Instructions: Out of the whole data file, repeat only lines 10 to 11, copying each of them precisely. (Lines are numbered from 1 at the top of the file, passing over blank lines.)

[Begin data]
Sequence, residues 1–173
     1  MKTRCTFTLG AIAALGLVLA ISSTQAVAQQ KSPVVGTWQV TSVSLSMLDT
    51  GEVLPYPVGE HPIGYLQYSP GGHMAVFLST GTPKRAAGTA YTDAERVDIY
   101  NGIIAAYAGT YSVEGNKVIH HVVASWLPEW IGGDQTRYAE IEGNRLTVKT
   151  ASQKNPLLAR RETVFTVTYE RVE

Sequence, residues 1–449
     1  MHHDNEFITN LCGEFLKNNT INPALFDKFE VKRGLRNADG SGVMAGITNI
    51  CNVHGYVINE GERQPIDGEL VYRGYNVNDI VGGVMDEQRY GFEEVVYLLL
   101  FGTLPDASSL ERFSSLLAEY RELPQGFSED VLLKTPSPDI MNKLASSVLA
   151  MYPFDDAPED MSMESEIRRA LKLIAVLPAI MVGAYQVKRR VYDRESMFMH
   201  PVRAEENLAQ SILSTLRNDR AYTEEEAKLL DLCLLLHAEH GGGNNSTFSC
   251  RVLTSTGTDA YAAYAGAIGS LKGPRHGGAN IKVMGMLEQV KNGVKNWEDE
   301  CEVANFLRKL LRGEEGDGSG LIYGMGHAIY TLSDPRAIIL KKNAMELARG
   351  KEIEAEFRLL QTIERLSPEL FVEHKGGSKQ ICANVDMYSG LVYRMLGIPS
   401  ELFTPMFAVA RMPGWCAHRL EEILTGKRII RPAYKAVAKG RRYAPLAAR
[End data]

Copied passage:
   151  MYPFDDAPED MSMESEIRRA LKLIAVLPAI MVGAYQVKRR VYDRESMFMH
   201  PVRAEENLAQ SILSTLRNDR AYTEEEAKLL DLCLLLHAEH GGGNNSTFSC